Opinion: It’s your mobility versus mine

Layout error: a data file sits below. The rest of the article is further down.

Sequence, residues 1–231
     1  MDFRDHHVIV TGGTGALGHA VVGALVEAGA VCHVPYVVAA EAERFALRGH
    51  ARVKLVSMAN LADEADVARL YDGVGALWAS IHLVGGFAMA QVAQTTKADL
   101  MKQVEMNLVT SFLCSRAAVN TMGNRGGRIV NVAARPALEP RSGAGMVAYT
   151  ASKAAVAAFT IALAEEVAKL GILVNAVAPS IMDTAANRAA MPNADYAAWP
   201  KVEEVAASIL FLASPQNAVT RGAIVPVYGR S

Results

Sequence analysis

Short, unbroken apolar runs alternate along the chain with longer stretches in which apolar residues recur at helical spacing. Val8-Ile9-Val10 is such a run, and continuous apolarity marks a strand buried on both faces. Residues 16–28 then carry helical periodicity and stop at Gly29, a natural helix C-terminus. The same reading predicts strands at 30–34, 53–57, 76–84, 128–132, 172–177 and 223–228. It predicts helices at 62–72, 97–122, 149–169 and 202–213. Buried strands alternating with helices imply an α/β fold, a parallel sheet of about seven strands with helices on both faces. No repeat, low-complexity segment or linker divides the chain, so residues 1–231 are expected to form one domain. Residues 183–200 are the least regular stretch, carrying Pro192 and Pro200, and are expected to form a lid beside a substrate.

The pedestrians have to be taken of much before those on pedals are when creating the infrastructure to move. By Avik ChattopadhyayExclusion is fashionable these days. Seems the world is too small and precious to accommodate all of us, together.Gated condominiums have given way to communities and finally countries. Purity has transcended water and food into blood, faith and race.Liberty of inclusion is looked down upon in various parts of the world today. Proliferation of thought and opinion has given way to polarity.Its “my” way versus “your” way. Zero sum game. Only minus. No plus.The same refrain seems to have crept into the world of mobility in our country.It started some time in 2016 when suddenly a group of quasi-governmental people thought they had all the answers to India’s mobility problems and future. Not the first time have exalted think tanks felt so, but this time their answers were the only answers. In the true spirit of mobility, it was their way or the highway!The narrative today is too polarised and confused at the same time. Too fraught with mutual disrespect and anxiety.The policy makers are busy in perfecting their periodic flip-flops. The judiciary loves playing the role of god and a micro-manager. The planners have no idea and opinion on which way to look and path to take.The government has to provide public transport of quality~ The automobile industry is in a tailspin of brought about by personal greed and governmental apathy. And suffers from a deep sense of insecurity at accepting the new technology players as one of their own.All at the cost of the consumer, the vehicle operator and the industry worker. There are six factors that drive this polarisation deep into policy, planning, business and finally consumer behaviour. Shared versus ownedI can have my own vehicle and still use shared solutions and live a happy life. My own vehicle is an extension of my personality and an expression of me and my family. And I use it over the weekends and when the family goes out for dinner and to our relatives. That does not clash one bit with the fact that I use an Uber Moto or Zoomcar for my daily commute. It allows three positive things – destresses me from driving in traffic, helps me contribute a bit to decongestion and ensures sustainable employment to a fellow citizen. Road versus rail versus air versus waterIt has to be road plus rail plus air plus water. All rolled into one common mobility service. Multi-mode. I should use just one card that allows me land in Dum Dum by air, take a taxi to Salt Lake Sector 5, board on the metro to Babu Ghat and then take the ferry to cross the Hooghly and finally take an auto to my home in Howrah. Simple? Simple!Public versus privateGustavo Petro the ex-mayor of Bogota had once commented that a rich nation is not one where everyone has a car, but where the rich who have cars take public transport! This is level of maturity at which both the government, the corporate and the car owner have to operate to bring about socially sustainable mobility. The government has to provide public transport of that quality. The corporates have to encourage employees to use public transport and offer bus service. The car owner has to realise that using the metro or a bus does not drag one’s status down. Electric versus fossil fuelWe should be bothered only about clean and sustainable mobility solutions and not be obsessed with just one being the only way forward. This “Only Electric” stand by the government and NITI Aayog from 2017 could have damaged the fabric of future mobility in India but for the slow pace of policy making combined with consumer scepticism with the entire issue. There are enough intelligent people working on various solutions to make the world more liveable and congenial, so throw your arms open and accept all. Even children have the option of three different types of curriculum to choose their school education from!The car owner has to realise that using the metro or a bus does not drag one’s status down~ Government versus private enterpriseThis is the perennial bone of contention, as to who takes the first step and has the last word on deciding what is best for the country. Both key pillars have always been at loggerheads, more so now. Selfishness, greed, ineptness and corruption lead to contrasting and conflicting stands being taken on key issues of mobility, from safety, to emissions, to the energy source. It will be interesting to check how many legal cases the industry is fighting the government on such issues right now…the number stands testimony to the mutual disrespect and mistrust. Nothing can actually happen unless this is immediately addressed and acted upon.Pedestrian versus “pedalist”Finally, it all boils down to making mobility truly inclusive and empathetic. The pedestrians have to be taken of much before those on pedals are when creating the infrastructure to move. Right now, the pedestrian is a castaway and an after-thought. As a collective society we are insensitive to their basic functional need and safety. Roads are built without footpaths. Footpaths are encroached upon by civic authorities. And then they are annexed into roads being widened. Leading to millions of our citizens walking on motorable roads every day to work and back, putting their lives at risk. The plot and its execution is repeated day after day in each corner of the country with unerring apathy. Forgetting that there are times when the man at the wheel becomes a man on the sidewalk. Tagore had once said that only in love are unity and duality not in conflict.Well, I guess when you love your country well enough, the unity and duality can be harnessed into putting together a mobility solution that is not just mine or yours, but finally ours!Follow and connect with us on Twitter, Facebook, Linkedin, Youtube

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